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Wyoming News Briefs: August 1, 2019

SVI Media is part of the Wyoming News Exchange. These stories come courtesy of the WNE.


Mead on UW president search committee

LARAMIE (WNE) — Sixteen people, including former Gov. Matt Mead and former state Auditor Rita Meyer, will comprise the search committee tasked with finding the University of Wyoming’s next president.

However, the search committee won’t have the chance to actually pick the finalist. Instead, the committee will merely nominate 12 options for the UW Board of Trustees to choose from.

The trustees have also given themselves the option of selecting candidates not identified by the search committee.

On Wednesday morning, the university announced the membership of the search committee, which will be chaired by John MacPherson, the former UW board of trustees chairman.

Current UW employees and undergraduate students comprise exactly half of the committee’s membership 

Trustees Jeff Marsh, Macey Moore and Laura Schmid-Pizzato will also serve on the committee.

The list of 12 candidates to be forwarded to the trustees will have to be approved by the majority of the search committee, as well as two of the three trustees serving on the committee.

Current interim President Neil Theobald has told administration officials he expects to return to his old position of Vice President of Administration and Finance next year.

However, Wednesday’s press release states that Theobald is “not restricted from applying for the long-term position” of president.

The trustees are hoping to have a new president selected by July 2020.

The members of the search committee were appointed by Dave True, the board’s chairman.


Buffalo man convicted of poaching four elk

BUFFALO (WNE) — A Buffalo man has accepted a plea agreement from the Johnson County prosecutor’s office on charges of harassing and poaching four elk in the Bighorn Mountains. According to a press release from the Wyoming Game and Fish Department, on June 24, Ray Ludwig signed a plea agreement for poaching four cow elk and harassing big game from a vehicle in November 2018. As part of the agreement, he will pay $5,000 in fines and restitution.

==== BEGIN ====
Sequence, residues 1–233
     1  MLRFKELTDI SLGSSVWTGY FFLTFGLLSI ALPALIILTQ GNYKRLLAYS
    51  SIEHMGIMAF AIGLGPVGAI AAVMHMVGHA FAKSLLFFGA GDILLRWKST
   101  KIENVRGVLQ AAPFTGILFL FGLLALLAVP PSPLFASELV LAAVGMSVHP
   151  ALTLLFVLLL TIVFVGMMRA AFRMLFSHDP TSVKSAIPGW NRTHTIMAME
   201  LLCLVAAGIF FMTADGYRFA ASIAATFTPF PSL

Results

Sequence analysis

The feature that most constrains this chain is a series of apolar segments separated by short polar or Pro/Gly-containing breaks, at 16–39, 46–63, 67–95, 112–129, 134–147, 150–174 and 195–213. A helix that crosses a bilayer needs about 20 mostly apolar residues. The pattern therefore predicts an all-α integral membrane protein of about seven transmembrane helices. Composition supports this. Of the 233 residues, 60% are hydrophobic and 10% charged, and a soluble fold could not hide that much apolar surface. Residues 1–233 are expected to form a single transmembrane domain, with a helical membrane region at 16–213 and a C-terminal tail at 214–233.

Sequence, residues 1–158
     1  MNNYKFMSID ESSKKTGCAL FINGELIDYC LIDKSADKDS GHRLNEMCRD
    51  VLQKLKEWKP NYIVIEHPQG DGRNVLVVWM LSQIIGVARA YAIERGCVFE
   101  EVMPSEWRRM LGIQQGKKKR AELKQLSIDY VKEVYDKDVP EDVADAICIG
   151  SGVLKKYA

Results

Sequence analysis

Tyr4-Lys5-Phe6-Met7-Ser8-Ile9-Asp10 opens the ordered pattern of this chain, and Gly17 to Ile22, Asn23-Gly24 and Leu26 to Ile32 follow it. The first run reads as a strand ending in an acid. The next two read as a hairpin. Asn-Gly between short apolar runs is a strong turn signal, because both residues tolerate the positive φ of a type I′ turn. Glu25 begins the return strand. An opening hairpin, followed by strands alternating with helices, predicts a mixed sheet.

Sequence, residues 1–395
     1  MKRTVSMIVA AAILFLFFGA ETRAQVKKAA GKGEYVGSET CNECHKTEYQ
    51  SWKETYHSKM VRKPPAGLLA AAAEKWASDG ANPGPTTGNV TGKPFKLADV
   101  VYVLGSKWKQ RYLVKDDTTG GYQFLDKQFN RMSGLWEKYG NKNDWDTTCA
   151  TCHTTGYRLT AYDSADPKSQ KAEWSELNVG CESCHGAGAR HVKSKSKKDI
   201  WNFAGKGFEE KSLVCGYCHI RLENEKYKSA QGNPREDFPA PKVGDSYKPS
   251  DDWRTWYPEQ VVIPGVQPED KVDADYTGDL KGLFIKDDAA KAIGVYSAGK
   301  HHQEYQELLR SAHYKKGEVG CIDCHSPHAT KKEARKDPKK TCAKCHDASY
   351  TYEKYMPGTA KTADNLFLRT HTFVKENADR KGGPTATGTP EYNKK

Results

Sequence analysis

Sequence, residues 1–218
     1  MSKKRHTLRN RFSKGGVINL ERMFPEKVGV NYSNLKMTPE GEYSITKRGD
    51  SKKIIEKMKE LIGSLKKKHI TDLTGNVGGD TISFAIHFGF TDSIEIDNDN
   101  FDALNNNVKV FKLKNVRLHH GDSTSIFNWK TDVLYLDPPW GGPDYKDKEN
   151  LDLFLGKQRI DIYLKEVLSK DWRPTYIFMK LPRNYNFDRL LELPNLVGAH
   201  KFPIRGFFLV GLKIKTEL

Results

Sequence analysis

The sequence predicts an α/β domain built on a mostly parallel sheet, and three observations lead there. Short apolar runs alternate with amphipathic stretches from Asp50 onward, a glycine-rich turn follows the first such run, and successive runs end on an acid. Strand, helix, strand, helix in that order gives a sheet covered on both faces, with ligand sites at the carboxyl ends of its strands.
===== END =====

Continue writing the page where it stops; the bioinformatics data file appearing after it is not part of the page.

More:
On Nov. 27, 2018, Game and Fish Warden Jim Seeman was contacted by two hunters who video recorded a vehicle chasing a group of elk in Hunt Area 35 south of Buffalo. The witnesses told Seeman they also heard multiple shots coming from the vehicle. When told that his vehicle had been witnessed chasing elk, with shots fired from it, Ludwig told Seeman that several of his friends who had Area 35 licenses were in the vehicle with him that day and they had killed three elk. 

Seeman eventually determined that Ludwig was the only occupant in the vehicle at the time of the poaching and that he did not possess an elk license for Area 35. 

Ludwig was charged with killing four big game animals without a license and harassing big game with a vehicle. In addition to $5,000 in fines and restitution, Ludwig’s hunting privileges are suspended in Wyoming and 46 other Interstate Wildlife Violator Compact states for five years.


Cheyenne schools to hold ‘equality summit’

CHEYENNE (WNE) — Laramie County School District 1 has finalized its plan for a youth summit later this month to address issues of discrimination and racism in the school district and wider community.

The Youth Equality Summit, set for Aug. 20, was part of an action plan presented by LCSD1 in the wake of racist and homophobic fliers that were distributed earlier this year by students at McCormick Junior High School. Originally announced for the week of June 22, the district hit pause on the plan to ensure more time for planning and to help promote student involvement.

The summit now will be a one-day event at the Central High School Fieldhouse for 100 students and 25 adult community leaders. The event will be run by the national nonprofit group Challenge Day, which works with schools and communities on dealing with issues of bullying, racism and harassment.

Trainers from that group will work with the students who have signed up to attend to help teach them how to be leaders in their school. That training, and the subsequent actions of those students, is what the district hopes will be the start of a culture change, said Brian Cox, principal at Johnson Junior High School and an organizer for the summit.

“The curriculum (of Challenge Day) really aligned and matched up with a good portion of what issues the kids wanted to address (in the summit),” Cox said.